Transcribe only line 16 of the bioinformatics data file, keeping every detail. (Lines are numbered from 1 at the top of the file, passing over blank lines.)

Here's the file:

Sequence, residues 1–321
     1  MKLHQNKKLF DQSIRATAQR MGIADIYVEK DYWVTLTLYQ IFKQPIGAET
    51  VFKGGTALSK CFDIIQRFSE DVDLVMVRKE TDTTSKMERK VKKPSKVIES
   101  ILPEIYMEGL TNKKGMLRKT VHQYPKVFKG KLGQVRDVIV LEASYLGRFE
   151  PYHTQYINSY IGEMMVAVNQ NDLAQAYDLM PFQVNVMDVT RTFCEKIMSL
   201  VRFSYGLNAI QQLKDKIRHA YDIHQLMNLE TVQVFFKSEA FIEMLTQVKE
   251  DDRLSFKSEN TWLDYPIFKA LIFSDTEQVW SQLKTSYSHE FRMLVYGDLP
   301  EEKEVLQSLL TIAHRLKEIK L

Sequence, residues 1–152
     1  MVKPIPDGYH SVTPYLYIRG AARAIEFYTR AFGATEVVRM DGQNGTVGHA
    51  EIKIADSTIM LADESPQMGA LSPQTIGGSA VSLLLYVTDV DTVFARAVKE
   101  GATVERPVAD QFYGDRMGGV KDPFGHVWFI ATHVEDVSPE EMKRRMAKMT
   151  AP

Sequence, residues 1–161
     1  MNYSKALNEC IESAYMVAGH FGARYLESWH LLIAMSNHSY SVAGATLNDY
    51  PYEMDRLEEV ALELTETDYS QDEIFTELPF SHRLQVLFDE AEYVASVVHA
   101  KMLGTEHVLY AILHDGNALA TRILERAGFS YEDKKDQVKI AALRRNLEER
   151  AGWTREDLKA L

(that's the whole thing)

    51  PYEMDRLEEV ALELTETDYS QDEIFTELPF SHRLQVLFDE AEYVASVVHA